Once in Entebbe, the commandos separated to their different posts.
“It was carried out in complete, let me repeat, complete surprise,” Reuven said. “On my side of the airport the challenges weren’t that big, but one of my friends who was in the same area I was got shot and injured badly.”
During the raid, 102 hostages were rescued. Ten were wounded and three were killed.
The rescuers suffered one death and five were wounded. Seven hijackers and 45 Ugandans were killed.
“I do need to say this from the bottom of my heart and looking back that although the IDF was such a great military force, everything worked so smoothly because of the hand of God.” Reuven said. “Something from way above had directed the mission and made it successful. One of the generals told me the same thing. He said, ‘God worked overtime that night.’”
Reuven knows the importance of telling this story doesn’t just lie in the fact the rescue was a success.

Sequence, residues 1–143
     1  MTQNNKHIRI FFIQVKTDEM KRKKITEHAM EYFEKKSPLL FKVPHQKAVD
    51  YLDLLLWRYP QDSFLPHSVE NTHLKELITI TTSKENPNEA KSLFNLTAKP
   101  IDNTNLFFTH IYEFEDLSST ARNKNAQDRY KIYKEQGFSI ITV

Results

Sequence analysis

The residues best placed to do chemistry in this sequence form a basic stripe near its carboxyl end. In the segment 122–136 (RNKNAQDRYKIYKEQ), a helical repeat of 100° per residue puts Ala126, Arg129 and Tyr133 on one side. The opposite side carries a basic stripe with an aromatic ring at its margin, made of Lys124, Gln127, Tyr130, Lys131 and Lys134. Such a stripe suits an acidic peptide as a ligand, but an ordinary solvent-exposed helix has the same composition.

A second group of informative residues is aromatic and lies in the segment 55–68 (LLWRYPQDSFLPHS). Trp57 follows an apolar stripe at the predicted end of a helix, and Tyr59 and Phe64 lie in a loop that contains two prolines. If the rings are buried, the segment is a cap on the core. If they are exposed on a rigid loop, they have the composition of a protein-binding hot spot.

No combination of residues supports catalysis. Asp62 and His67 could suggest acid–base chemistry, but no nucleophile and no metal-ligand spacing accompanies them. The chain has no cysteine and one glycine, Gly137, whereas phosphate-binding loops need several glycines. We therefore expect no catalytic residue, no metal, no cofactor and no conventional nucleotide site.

“This is a message for the younger generation, and that message is bullying,” he said. “Jews and my little country of Israel have been bullied by terrorists and armies throughout the years from the inception of time.
“Now, look how relevant this is. The hijacking was an act of anti-Semitism. And, still, in this day, we still have a lot of anti-Semitism. So, Jews have needed to stand on our toes continually in order to resist attacks.”
The message to stand up against terrorism doesn’t just pertain to Jews.
“Unfortunately, there are attacks on Christians, different colored people and many ethnic groups,” he said. “This is extremely upsetting, and people need to stand tall and resist this.”
Reuven doesn’t see a final solution to these attacks.